Fitness. This being a self defense venture for me, I realize yet again that I am embarassingly out of shape. I want to re-commit to losing some weight. If nothing else, it will make possible an IWB holster option down the road.

A note about my Ruger SR9. This gun performed flawlessly. I'm probably close to 2,000 rounds in and it has never failed to fire, failed to eject or jammed. It was fun and comfortable to use with all this shooting, and was fairly easy to handle with one hand (another thing I'll have fun practicing). Chip the instructor, as well as the Sheriff's Deputy who assisted with the class, both fired it after class was over and seemed to like it a lot. I know my experience is limited, but I can't say enough good things about this SR9. And a day like yesterday really makes you bond with the gun you're using! And watching guys shoot .45s nine or ten at a time really made me glad to have 17+1 rounds at my disposal!

So, that's my report! Thanks for reading this far if you did. I have a lot of practicing to do but definitely want to take the next class in the Defensive Handgun series. And I've got nothing but praise for Chip Hammond and Northern Virginia Tactical. This was a day well spent.

Ed.
 

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Very cool. Are you still working one on one with an instructor? What does something like that cost? What did that class cost? I looked into a few different ones and thay are $200 a piece. I haven't priced the one on one yet.
 

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You know, I took one of the one on one classes with an instructor I liked a lot, and it only cost $40 (and he went over the hour agreed upon). I got a lot out of it. But I decided to take this class because it was so intensive, so much stuff in one day it would probably take many, many individual classes to make the progress I was able to make in one day. AND, the range situation on this class was so unique, being able to move and shoot, I would not have been able to do ANY of that working with the other guy.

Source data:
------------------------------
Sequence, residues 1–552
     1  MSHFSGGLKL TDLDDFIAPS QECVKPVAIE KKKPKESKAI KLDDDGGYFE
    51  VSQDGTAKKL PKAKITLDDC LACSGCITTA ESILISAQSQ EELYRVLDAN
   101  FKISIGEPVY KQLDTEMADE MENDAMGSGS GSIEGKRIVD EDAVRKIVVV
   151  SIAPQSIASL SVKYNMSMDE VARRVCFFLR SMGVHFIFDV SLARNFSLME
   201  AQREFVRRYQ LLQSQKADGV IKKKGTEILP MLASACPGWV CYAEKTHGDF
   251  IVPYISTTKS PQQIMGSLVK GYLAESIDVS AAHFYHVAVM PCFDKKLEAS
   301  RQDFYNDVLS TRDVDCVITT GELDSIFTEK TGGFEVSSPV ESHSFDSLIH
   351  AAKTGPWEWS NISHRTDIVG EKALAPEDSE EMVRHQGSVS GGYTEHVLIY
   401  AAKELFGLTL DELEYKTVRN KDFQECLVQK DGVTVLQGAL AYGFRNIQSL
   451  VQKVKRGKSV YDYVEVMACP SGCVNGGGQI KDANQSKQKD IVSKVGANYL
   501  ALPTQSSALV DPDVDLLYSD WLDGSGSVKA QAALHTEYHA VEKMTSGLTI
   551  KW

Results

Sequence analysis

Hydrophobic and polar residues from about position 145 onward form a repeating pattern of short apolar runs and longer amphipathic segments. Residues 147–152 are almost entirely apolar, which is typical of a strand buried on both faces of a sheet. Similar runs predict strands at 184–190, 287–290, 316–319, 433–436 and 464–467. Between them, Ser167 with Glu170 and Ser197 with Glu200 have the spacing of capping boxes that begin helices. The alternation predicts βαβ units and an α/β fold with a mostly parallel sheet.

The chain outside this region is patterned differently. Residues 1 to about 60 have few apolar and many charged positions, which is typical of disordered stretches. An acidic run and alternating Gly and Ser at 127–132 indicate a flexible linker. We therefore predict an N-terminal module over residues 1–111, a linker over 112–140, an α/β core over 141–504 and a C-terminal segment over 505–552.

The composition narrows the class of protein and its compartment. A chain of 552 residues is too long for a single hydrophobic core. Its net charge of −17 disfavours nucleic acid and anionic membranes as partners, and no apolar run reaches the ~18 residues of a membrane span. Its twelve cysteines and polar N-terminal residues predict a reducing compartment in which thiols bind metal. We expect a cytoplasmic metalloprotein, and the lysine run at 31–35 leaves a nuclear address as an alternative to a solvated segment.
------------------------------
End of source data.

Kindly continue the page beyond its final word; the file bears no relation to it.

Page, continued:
This defensive handgun class (DH1) was $200 and really well worth it. I think I will practice on my own and do the DH2 course as soon as I can.

With 4 or 5 people in about a 9 hour class, it's almost like having an individual instructor anyway, you get plenty of attention and personalized instruction.
 

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Thanks for the info, Eddie. Eventually I'll have to do it. For my own piece of mind. If I ever have to use my gun in SD, the classes would be a huge plus in, defending myself, and the court battles that would soon follow. Criminal and civil.
 

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Discussion Starter #5
Bountyhunter said:
Thanks for the info, Eddie. Eventually I'll have to do it. For my own piece of mind. If I ever have to use my gun in SD, the classes would be a huge plus in, defending myself, and the court battles that would soon follow. Criminal and civil.
That's a very good and important point...
 

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LFI is holding it's LFI-1 class about 40 miles from me on Nov. 20-23, and the LFI-2 class on Dec. 8-12 I think I might sign up. I so want to attend their classes.....now, I just need to come up with $1700.....
 

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Discussion Starter #7
a little off topic, but I have a friend who works for Blackwater and a few other such places, doing firearms and driving training. And he just sent me a Blackwater t-shirt! Pretty cool, but I didn't dare wear it to my handgun class! Methinks they would expect a tad too much of me...
 

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They may have thought you to be "gung ho". :lol:

That's cool you got the shirt though. :)